As someone who loves the singer-songwriters of the 70s, but who still sometimes confused Carly Simon and Carole King, this was a really illuminating bAs someone who loves the singer-songwriters of the 70s, but who still sometimes confused Carly Simon and Carole King, this was a really illuminating book about the 60s through the 80s when these three women were coming into prominence. The book seems a little like an "unauthorized biography" (the author seemed to have talked to some far-fetched "insiders") but does a good job of putting the experiences of these women, and the impact they had on the perception of women in music, into context.
The book clearly demonstrates all three women's artistic successes and impacts, and their place in the feminist movement, and learning so much about them made me like all three even more. I wasn't aware how fully autobiographical their songs were - you can literally tie many songs of these three women and their contemporaries to the relationships they had with other celebrities at the time - I had no idea CSN's Our House was about Graham Nash and Joni's time together, for instance.
But their personal stories end up being a little pitiable, and I'm not sure I wanted to know quite so much about musicians I like so much. Carole King seems to so often entirely sacrifice her sense of self when she finds a man. (Having just read King's memoir, I was surprised at some of the things she left out of her version of her life story, like her first husband cheating on her with a singer, the singer having a baby, and Carole paying for the house for the singer's family to live in.)
Carly comes across as neurotic. Joni comes across as pretentious, self-absorbed, impractical and overdramatic. And James Taylor, one of my favorite artists of all time, with some of the most sensitive, evocative, lovely songs and that oboe of a voice...James Taylor (who dated Joni, married Carly and worked extensively with Carole) comes across as a TOTAL ASS. I can't really reconcile the image I have of this tender, laid back nice guy with the person portrayed in the book - the surly junkie who sacrificed relationships and being present for most of his kids' childhoods in favor of shooting up.
Overall - very enlightening. It's a long book, and some parts are much more interesting than others, but I feel a much deeper sense of understanding when I hear any of these women's songs now....more
I read this as a contextual follow-up to a book our book club read called Sold, a fictional YA novella about a young girl from Nepal sold into sex slaI read this as a contextual follow-up to a book our book club read called Sold, a fictional YA novella about a young girl from Nepal sold into sex slavery in India. I wanted more information on why and how this could happen, and what was being done to stop it.
This book is an academic's multi-year journey to understand the current workings of human trafficking, examining how the sickening business thrives in particular areas of the world. He discusses the root causes of how girls get enslaved, and follows the money trail, and rather naively goes under cover to get inside brothels and interview women everywhere from India to Central Europe.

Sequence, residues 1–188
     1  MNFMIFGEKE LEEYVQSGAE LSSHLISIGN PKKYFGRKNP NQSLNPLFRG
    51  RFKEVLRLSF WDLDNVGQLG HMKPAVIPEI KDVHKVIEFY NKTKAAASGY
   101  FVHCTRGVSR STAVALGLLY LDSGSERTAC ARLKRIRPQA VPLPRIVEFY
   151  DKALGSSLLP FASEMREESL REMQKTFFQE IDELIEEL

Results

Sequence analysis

This academic book is not really a wholly scientific study, nor quite a satisfying piece of investigative journalism, though the author aims for it to be a bit of both. The book reads like a big sprawling report on this heartbreakingly massive worldwide black market, which thrives in countries where women are so culturally degraded that their disappearance or being sold for sex seems not to be much cause for concern among families, towns or governments.
In the end, the author can't provide much in the way of hope or actionable ways to curb trafficking. He ultimately suggests laws are the only weapon, but acknowledges that the real problem lies in cultures that place no value on women as citizens with rights, and poverty so debilitating that selling a child is a family's only option for survival.
i finished the book thinking both the author and I remain saddened and befuddled on how such practices might ever end, and I felt no closer to finding ways I might be able to help, or how to identify effective agencies worth supporting....more
3.5 stars. I really like Samuelsson's global view of food and his enthusiasm for combining cultures. I was especially excited to read this after havin3.5 stars. I really like Samuelsson's global view of food and his enthusiasm for combining cultures. I was especially excited to read this after having eaten at Red Rooster this past May. I'm very glad to have learned more about his story, but the writing was imperfect at best, the narrative a bit jumpy, and sometimes he waxed on about elements that lost my interest. But in general, it's a book about food and culture and travel and identity and how all these things can create a unique worldview, mixed with a tale of how one shot of luck paired with two shots of hard work can take someone to the top of their game. He seems like a guy dedicated to making a difference in his industry and his community, and although at the end I remained somehow off-put by his personality, i admire his sincerity. Very glad I read it, and am eager to go to the Rooster again next trip to NY....more
Some good tips and bits of inspiration, and a fun relaxed tone, but overall fairly one-note...we see photos of the same rooms in Spencer's and Kathy GSome good tips and bits of inspiration, and a fun relaxed tone, but overall fairly one-note...we see photos of the same rooms in Spencer's and Kathy Griffin's houses multiple times when other houses and styles might have provided more insight and variety. But as an avid yard saler, I appreciated the tips on how to discern high quality furniture amidst the clutter....more